Virginia’s mental health system has been stressed and struggling for years — facing a series of problems often discussed here in this space.
Now, add COVID to the mix.
“The house is on fire,” said Sen. Creigh Deeds, D-Bath, a long-time leader in efforts to improve Virginia’s behavioral health system. Sen. Deeds represents Charlottesville, Nelson County and part of Albemarle.
The newest problem gaining attention is the plight of elderly patients who are also mentally ill.
Older people in general are at higher risk of contracting COVID-19, especially if they have an underlying condition that weakens their physical health. (For clarity: Mental illness is not one of these cited conditions — which include obesity, serious heart problems, cancer, Type 2 diabetes, etc.)
Consequences have been seen in the many outbreaks of coronavirus at nursing homes and other senior facilities — where the factors of age, underlying health conditions and the risks of communal living combine, sometimes to deadly effect.
Now, consider the situation at facilities where the combining factors include age, underlying health conditions, communal living and mental illness.
Also consider that the pandemic itself is causing a breakdown in mental health, across age groups. Stress, isolation, economic instability and other emotional problems are taking a toll — while at the same time the pandemic is making it harder for people to get professional help when they need it.
When they have nowhere else to go, they may end up in a state mental hospital.
But an overburdened state system is having difficulty both keeping up with admissions and keeping patients safe.
A COVID outbreak has occurred at a geriatric state hospital in Nottoway County where five deaths occurred; the state behavioral health commissioner suspended admissions there more than two weeks ago, the Richmond Times-Dispatch reports. Last week, the commissioner halted admissions at a facility in Danville, site of another outbreak.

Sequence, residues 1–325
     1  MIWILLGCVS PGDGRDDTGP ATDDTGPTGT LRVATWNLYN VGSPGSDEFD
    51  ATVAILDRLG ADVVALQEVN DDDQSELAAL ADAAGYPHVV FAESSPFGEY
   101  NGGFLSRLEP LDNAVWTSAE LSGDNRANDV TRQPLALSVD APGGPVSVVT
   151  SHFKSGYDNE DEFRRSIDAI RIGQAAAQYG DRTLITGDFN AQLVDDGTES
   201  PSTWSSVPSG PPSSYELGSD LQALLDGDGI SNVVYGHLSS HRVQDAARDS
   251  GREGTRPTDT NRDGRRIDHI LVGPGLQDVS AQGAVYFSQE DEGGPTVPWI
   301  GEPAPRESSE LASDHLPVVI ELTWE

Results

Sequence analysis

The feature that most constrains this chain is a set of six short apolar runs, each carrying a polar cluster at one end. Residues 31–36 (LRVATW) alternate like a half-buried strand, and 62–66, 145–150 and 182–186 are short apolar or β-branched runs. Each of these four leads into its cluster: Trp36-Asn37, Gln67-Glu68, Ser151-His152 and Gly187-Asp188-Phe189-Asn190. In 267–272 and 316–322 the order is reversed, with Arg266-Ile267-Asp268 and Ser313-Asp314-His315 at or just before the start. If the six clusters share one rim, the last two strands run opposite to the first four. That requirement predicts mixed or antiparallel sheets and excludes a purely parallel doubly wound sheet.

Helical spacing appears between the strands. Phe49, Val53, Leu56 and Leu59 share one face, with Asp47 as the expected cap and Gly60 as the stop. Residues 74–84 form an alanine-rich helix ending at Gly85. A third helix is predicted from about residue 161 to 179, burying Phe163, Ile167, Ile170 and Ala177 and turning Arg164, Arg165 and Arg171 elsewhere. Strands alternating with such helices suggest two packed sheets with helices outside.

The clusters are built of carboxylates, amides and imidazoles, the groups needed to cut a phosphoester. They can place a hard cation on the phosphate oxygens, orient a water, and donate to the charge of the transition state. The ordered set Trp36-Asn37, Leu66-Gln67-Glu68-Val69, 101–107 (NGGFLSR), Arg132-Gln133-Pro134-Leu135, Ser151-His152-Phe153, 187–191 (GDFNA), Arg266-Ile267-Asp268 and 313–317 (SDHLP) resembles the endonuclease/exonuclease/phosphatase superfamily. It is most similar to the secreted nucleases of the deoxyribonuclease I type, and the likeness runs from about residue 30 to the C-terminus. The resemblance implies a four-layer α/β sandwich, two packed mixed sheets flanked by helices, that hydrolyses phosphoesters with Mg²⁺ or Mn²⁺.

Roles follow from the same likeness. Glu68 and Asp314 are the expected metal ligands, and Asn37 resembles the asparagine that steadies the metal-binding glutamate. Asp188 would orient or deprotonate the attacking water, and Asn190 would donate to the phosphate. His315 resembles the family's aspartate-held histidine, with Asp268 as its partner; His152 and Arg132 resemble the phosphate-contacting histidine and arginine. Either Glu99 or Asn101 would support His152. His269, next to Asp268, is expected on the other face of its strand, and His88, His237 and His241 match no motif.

A third outbreak has occurred at a facility in Chesapeake.
In trying to care for the many people needing help, the Nottoway hospital had been operating over its capacity just prior to the outbreak, the newspaper reported.
Other hospitals at or over capacity, as of July 29, were: Western State Hospital in Staunton, at or slightly above 100%; Central State, at or slightly above 100%; Eastern State, 115%; Southwest Virginia Mental Health Institute, 110%; Catawba State, 105%.
Being over capacity means that a hospital’s residents are even less able to social-distance — difficult to do in such a setting at the best of times.
Now, let’s take this down to a personal level. Consider the plight of a patient who is mentally ill — who might even have been pushed into illness by the stresses of the ongoing pandemic. Emotionally disabled by the pandemic, he is sent to a hospital to recover — only to find himself at the very center of an outbreak. Consider that such a patient, already fragile, might be incapable of dealing with this additional stress.
The General Assembly has been trying, over several years and in a number of ways, to improve conditions in mental hospitals and for people being treated as outpatients. That has included additional funding to finance reforms.
But — irony of ironies — payout of that money in the current budget was suspended in April, when the state began to see just how deeply the COVID-induced recession was cutting into tax revenues.
The legislature returns to Richmond this month to look again at state budget figures, with an updated estimate of expenditures and revenues.
One of the planned initiatives is $15 million to reduce the daily census at state institutions. “That’s something I think should be a priority,” said Sen. Emmett Hanger, R-Augusta, who also works on mental health issues.
Significant support for local and regional mental health programs would be necessary if state patient loads are to be reduced.
State lawmakers will have to make hard choices about funding when next they meet. Just when the need for services grows, the ability to fund them withers. But mental health is a fundamental need that deserves their utmost consideration.